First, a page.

In early 2021, McKesson, in collaboration with The US Oncology Network (The Network), submitted an oncology-specific MVP proposal to CMS for consideration and sought to collaborate with CMS and other key stakeholders to develop a meaningful MVP to drive improvements to cancer care. The Network, which represents more than 1400 independent physicians nationwide, played a vital role in gathering input for the proposal. Nearly all its recommendations were included in the recent 2023 proposed rule for the Advancing Cancer Care MVP, including 2 oncology-specific Qualified Clinical Data Registry (QCDR) measures developed through this collaboration.
The Advancing Cancer Care MVP focuses on areas known to help improve quality and cost that align across various value-based care initiatives. It empowers the care team to treat all patients with an enhanced suite of services under the value-based care umbrella, regardless of their participation in a particular program.
By prioritizing oncology-specific measures meaningful to oncology clinicians and care teams, the Advancing Cancer Care MVP evaluates measures that matter in the oncology space and does not hold clinicians accountable for healthcare issues better managed by other specialists or general practitioners. The Practice Insights QCDR developed through this collaboration has been approved by CMS for the MIPS program since the program’s inception. Seven custom QCDR measures were developed for use in the MIPS and other value-based care payer arrangements. The measures are chosen with a keen focus on improving the care of patients with cancer. These measures have been extremely valuable to oncology clinicians because they measure activities of interest to oncologists, care teams, and payers, increasing participation in quality programs and risk-based payer arrangements. Two QCDR measures are included in CMS’ proposed Advancing Cancer Care MVP: PIMSH2 Utilization of GCSF in Metastatic Colorectal Cancer and PIMSH8 Mutation Testing for Lung Cancer Completed Prior to Start of Targeted Therapy.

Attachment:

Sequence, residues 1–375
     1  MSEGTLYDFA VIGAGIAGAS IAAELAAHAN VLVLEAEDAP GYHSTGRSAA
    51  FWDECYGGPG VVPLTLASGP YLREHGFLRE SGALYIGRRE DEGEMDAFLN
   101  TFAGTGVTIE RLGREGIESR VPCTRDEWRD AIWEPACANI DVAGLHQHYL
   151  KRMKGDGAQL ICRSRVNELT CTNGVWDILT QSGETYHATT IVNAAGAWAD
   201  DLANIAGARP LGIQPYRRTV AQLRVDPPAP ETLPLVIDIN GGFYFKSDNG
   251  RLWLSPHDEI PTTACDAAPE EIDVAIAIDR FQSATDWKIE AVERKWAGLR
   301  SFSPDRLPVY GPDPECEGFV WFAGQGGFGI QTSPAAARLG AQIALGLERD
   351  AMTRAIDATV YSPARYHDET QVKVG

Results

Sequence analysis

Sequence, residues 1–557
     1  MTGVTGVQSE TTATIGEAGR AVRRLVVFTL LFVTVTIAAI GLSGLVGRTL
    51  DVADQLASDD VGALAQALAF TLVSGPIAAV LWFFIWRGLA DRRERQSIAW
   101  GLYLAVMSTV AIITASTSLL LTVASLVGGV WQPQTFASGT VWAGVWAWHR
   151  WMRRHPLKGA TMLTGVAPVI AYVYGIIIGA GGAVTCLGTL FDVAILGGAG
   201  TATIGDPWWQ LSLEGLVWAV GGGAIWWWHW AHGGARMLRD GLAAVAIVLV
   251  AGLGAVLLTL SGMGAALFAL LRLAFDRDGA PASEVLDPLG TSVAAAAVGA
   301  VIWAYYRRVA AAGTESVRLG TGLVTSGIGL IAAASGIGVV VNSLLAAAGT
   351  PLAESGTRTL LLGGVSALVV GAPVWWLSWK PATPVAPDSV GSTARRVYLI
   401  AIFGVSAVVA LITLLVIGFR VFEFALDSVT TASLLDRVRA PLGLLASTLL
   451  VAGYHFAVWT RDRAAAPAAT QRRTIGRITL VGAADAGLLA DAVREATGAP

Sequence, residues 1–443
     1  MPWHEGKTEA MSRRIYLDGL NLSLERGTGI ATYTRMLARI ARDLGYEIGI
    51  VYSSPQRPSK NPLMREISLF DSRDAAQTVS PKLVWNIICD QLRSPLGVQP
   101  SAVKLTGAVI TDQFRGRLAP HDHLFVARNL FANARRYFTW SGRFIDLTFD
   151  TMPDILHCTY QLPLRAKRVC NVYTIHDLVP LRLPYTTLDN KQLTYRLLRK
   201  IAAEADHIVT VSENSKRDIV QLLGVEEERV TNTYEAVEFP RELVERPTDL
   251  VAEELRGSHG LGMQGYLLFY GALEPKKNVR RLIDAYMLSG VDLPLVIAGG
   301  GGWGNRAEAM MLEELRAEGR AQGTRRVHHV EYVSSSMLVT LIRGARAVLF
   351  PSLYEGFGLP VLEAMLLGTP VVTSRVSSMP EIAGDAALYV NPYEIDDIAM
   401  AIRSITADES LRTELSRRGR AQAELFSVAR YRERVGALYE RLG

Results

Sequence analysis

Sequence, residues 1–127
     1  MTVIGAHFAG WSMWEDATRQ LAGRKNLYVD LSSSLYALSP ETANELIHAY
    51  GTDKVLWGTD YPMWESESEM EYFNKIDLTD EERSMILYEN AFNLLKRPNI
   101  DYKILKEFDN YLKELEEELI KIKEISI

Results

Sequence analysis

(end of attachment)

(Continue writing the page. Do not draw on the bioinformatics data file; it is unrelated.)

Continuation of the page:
Nurses play a vital role in the activities included in the proposed MVP, as essentially nursing practice tends to be patient-centered, ultimately supporting the tenets of value-based care. Relying heavily on a balance of improving quality while lowering costs, value-based care attempts to reduce costs without sacrificing quality. A critical part of the equation requires that the patient remains informed and actively involved in care and treatment decisions. Consequently, the MVP prioritizes patient involvement and highlights the patient voice as essential to optimizing patient-centered oncology care. Patient-reported outcomes-based measures and activities are integrated throughout the proposal, as there is great value in measuring matters that have a direct impact on patient care, or the perception patients have about their care. This approach brings to the forefront the concept of improving patient mindsets to impact health outcomes, a promising new area of research that holds much potential for patients with cancer.
Mindsets — core assumptions a patient has about how things work — not only have a physiological impact on a patient’s experience or perception of their care, but may actually influence outcomes as well.1 Targeted psychological interventions aimed at encouraging more adaptive mindsets have the potential to transform supportive care in oncology.1 Nurses can educate patients on how much their mindset plays a role in their overall care and outcome, helping them reframe their outlook to one of having more control over their situation, potentially leading to improved outcomes.